Infographic: Nonprofit Storytelling for Pros

Infographic: Nonprofit Storytelling for Pros

Storytelling Infographic

Storytelling Infographic

Making the world a better place is hard work. Getting other people to care as much as we do is critical to enlisting volunteers and donors so we can achieve our mission.

We only have the attention of others for a moment. How do we get our message out in the time it takes individuals to “swipe right” or between the mailbox and the garbage can? We must learn how to break through. Luckily, there is evidence of a tactic that works: storytelling. Stories are powerful. We remember them more than facts, statistics, or websites. Nonprofits should be better storytellers.

Storytelling follows a few different frameworks. I have adapted them all for nonprofits in a free infographic to keep it simple. 

Nonprofits must be able to tell two stories: The organizational story and the story of those you serve. Even if you help the planet or civil rights, you must bring it back to the individuals in order for storytelling to have the greatest impact.

 

Storytelling Infographic.

Storytelling Infographic.

Tell your organizational story: The organizational story is captured in the Case for Support. A case for support has several elements:

1) Explain that there are problems in the world. (Show the problem, don't just tell)

2) This problem can be solved.

3) Our organization is uniquely situated to address the problem. (Our strategy, tactics, and team can make a difference.)

4) In order to have this impact, it will take a specific amount of time and human resources. 

5) Call to Action – Will you join us on this journey by pitching in?

Tell the story of those you help: Stories have an arc. There is a beginning, a middle, and an end.

1) Beginning: There are characters and a setting. You want to have a protagonist (hero) who is relatable. Develop them. Paint a picture. (Show, don’t tell.) The hero has goals and aspirations.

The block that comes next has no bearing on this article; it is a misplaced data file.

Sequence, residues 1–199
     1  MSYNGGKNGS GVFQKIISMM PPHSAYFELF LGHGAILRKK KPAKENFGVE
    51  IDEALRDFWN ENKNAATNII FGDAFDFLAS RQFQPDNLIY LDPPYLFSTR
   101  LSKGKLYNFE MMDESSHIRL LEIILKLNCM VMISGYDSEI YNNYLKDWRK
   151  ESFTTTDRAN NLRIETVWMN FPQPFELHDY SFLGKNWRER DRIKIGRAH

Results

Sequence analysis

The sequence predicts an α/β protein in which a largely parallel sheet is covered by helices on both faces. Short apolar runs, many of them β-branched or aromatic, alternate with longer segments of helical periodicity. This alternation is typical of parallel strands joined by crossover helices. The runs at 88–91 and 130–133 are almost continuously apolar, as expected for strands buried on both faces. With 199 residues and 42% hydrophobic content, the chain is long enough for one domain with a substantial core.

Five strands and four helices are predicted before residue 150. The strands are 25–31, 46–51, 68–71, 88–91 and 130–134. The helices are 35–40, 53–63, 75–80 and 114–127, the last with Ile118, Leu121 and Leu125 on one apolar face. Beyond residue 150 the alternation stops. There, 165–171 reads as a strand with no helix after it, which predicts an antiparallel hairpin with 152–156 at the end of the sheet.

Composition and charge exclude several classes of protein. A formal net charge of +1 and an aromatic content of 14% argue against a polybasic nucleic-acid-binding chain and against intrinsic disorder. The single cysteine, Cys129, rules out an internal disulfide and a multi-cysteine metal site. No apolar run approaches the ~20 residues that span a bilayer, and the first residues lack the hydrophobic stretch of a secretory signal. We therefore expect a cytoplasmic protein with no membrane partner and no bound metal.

2) In the middle, there will be an antagonist (a person or force) that causes conflict for the hero. Forces are at odds with the protagonist or there are pain points our hero must overcome. Why does this conflict matter at an emotional or value-based level?

3) The hero should emerge at the end of this journey and there should be a resolution, transformation, or lesson learned (it doesn’t always need to have a good outcome).

4) There needs to be a call to action. Link the story to your mission and needs. Ask your audience to help the hero and others like them.

Get the free infographic here.

Here are four principles to keep in mind when constructing a good story.

Principle 1) Stories make our brains pay attention. We can repeat them and feel connected. Getting involved feeds an inner need to resolve conflict and do good.

Principle 2) Telling the story of trees or owls or abstract laws may grab my interest, but not as much as a person who needs those things. Remember, show, don’t tell.

Principle 3) There is evidence that we are more likely to respond to the needs of one, rather than of many. Mother Theresa said, “If I look at the mass I will never act. If I look at the one I will.” It’s called social loafing: we are lazy in groups. We can’t tell the story of 5 million who are suffering, but we can tell the story of one.

Principle 4) In the book Made to Stick, the authors say that the most powerful messages are simple, unexpected, concrete, credible, emotional, and story-based.

Get the free infographic here.

Time Management for Nonprofit Professionals

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